London’s Cartoon Museum has a new exhibition – Alice in Cartoonland – showcasing a host of diverse Alice-related material. Bryan and I were down there for the opening last Tuesday. There’s some fascinating stuff on display, spanning about 150 years. Well worth a visit. It’s on until 1st November 2015.
There was an event at the museum the following evening – Alice from Wonderland to Sunderland – that involved a brace of Brians, as Bryan Talbot was in conversation with the president of the Lewis Carroll Society, Brian Sibley.
If you weren’t there, you missed a treat. After the dinner that followed, Anita O’Brien, director-curator of the museum, presented Brian with an appropriately themed birthday cake.
Next morning we took a ferry down the Thames as far as Canary Wharf, where the Docklands Museum is located.
Bryan, as ever, was collecting photographic reference. Oh look, Inspector Le Brock’s office!
There’s an exhibition on that I was keen to see called Soldiers and Suffragettes: The Photography of Christina Broom. After an excellent lunch in a restaurant close by, we went into the museum.
Broom was apparently Britain’s first female press photographer. She started working professionally in 1904, in the early days of the postcard boom. It was her documentation of women’s suffrage rallies and demonstrations that interested me the most; some of the photographs were familiar to me but there are many others that it would have been very useful to have while working on Sally Heathcote Suffragette.
Canary Wharf is a strange place, reminding me of Singapore, all new, shiny and clean and full of finance types. The museum there is great, though; the permanent exhibitions of Docklands and Thames history are well worth a look. And, stevedores, don’t you forget: Mind where you put your hook!
This is Sailortown:
On our way back we stopped for further reference photos. We came upon this rather striking steampunk sculpture called The Navigators located in Hayes Galleria.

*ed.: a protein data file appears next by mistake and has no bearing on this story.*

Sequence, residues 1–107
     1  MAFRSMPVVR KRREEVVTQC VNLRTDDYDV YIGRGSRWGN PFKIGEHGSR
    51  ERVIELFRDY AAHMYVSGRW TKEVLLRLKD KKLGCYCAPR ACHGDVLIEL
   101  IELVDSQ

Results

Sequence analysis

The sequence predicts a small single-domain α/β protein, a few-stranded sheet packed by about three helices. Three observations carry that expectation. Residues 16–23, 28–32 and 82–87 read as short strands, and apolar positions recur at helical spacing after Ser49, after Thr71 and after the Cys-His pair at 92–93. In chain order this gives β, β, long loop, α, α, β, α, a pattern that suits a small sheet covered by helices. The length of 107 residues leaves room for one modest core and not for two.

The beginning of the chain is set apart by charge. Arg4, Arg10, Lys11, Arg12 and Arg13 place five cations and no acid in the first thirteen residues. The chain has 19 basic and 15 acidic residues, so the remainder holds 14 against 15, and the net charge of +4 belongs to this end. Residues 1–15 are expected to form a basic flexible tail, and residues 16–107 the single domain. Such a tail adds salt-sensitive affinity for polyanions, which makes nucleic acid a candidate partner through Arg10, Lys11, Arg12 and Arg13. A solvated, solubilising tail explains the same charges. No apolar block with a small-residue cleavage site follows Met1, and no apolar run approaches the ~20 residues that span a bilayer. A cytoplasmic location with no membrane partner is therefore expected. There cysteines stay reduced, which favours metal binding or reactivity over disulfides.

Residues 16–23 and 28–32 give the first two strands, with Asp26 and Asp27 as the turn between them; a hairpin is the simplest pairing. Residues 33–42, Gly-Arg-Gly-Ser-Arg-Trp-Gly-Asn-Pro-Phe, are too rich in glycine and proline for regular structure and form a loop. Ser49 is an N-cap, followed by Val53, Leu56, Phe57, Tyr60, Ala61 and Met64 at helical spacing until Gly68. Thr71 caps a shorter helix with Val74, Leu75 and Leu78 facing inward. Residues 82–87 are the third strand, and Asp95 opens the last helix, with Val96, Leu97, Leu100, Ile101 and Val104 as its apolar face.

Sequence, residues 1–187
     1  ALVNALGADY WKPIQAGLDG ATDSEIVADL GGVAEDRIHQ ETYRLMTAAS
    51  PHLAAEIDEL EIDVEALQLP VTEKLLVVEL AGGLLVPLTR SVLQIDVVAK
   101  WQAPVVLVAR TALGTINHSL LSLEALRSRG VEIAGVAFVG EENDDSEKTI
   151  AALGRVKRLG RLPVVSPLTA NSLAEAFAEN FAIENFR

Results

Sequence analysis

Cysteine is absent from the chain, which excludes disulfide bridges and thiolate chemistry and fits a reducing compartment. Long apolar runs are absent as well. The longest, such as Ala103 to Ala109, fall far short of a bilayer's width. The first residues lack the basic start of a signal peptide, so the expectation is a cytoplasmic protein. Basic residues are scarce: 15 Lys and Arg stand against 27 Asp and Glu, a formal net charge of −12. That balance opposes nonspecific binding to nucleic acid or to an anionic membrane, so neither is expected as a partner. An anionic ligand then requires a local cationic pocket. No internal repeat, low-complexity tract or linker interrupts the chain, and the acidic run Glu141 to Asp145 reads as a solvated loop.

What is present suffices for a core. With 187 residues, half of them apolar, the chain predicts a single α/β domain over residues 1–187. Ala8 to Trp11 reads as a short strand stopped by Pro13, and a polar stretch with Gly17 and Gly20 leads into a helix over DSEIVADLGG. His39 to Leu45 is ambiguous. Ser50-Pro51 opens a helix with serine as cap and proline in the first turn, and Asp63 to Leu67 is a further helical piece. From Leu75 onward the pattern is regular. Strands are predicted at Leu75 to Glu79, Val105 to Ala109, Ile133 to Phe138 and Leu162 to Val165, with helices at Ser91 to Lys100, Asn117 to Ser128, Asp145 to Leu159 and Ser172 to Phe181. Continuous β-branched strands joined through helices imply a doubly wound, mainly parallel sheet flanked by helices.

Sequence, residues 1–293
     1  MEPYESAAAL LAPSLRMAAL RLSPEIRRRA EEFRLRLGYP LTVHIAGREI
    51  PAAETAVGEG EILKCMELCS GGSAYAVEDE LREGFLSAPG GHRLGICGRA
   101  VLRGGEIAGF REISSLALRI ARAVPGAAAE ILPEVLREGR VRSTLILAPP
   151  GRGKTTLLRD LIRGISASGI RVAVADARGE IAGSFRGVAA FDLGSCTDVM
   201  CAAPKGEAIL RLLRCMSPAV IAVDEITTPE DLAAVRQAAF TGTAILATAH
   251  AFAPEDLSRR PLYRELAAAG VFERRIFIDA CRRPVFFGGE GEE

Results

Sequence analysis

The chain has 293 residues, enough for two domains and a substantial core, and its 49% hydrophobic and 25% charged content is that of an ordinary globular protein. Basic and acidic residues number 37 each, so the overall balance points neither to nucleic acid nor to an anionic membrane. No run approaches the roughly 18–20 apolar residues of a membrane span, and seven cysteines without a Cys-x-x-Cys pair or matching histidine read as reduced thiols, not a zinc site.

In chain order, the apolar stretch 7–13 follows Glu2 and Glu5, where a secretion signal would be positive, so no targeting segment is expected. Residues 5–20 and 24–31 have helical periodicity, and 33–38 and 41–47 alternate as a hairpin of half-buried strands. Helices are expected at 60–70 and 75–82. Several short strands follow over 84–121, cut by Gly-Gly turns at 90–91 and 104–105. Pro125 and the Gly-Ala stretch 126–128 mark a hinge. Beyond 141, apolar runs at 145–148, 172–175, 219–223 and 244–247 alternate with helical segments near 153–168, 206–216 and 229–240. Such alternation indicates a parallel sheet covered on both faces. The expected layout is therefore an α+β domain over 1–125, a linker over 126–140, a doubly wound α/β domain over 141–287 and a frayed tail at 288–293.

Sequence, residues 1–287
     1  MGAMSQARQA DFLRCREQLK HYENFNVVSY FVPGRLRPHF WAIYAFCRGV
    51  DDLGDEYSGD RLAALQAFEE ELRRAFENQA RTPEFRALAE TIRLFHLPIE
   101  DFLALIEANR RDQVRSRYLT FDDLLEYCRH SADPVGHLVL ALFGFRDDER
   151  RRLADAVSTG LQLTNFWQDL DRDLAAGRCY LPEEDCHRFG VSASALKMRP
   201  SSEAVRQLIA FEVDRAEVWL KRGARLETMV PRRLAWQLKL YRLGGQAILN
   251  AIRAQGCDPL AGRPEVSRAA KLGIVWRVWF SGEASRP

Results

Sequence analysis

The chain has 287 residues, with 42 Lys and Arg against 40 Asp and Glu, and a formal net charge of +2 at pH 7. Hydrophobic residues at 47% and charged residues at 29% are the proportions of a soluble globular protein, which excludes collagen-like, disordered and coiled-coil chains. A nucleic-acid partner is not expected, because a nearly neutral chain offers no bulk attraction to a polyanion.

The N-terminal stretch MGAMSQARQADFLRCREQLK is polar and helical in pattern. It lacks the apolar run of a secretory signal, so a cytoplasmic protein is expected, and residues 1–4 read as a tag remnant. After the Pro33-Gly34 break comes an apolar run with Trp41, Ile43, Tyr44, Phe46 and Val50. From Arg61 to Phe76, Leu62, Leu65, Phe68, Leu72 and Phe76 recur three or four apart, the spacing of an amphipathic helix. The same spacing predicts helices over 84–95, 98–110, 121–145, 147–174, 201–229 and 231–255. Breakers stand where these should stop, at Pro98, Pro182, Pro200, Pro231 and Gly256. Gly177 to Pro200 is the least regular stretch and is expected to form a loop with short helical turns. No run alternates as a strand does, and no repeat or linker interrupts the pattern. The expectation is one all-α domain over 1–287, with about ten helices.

Bryan’s starting to gear himself up for the fifth and final Grandville book, now that our latest collaboration is completed. He finished the final page of artwork just before we left for London and since we returned home we’ve been finalising the additional material, endpapers etc. I’m bursting to talk about this Arts Council-funded project and will reveal all at the Lakes International Comic Art Festival. And after that, of course, on this website!
Back in May, Birkbeck University of London hosted a conference commemorating the 40th anniversary of Shoulder to Shoulder, an extraordinary BBC series on the suffragettes. I was there talking about Sally Heathcote Suffragette, as I’ve mentioned previously. We also had an exhibition in Birkbeck’s Peltz Gallery. There’s now a podcast available of the conference discussion of the making of the Shoulder to Shoulder series. It’s chaired by Joan Bakewell, who leads with observations about women working in the BBC in the early 1970s. The panellists have some fascinating reflections on how making drama for television – and indeed how the BBC itself – has changed since the 70s. (Bryan and I pipe up in the open discussion that follows.)
Angela Down (Sylvia Pankhurst)
Patricia Quinn (Christabel Pankhurst)
Sîan Phillips (Emmeline Pankhurst)
Waris Hussein (director, ‘The Pankhursts’, ‘Annie Kenney’, ‘Lady Constance Lytton’, ‘Sylvia Pankhurst’ episodes)
Moira Armstrong (director, ‘Outrage’, ‘Christabel Pankhurst’ episodes)
Graham Benson (production assistant)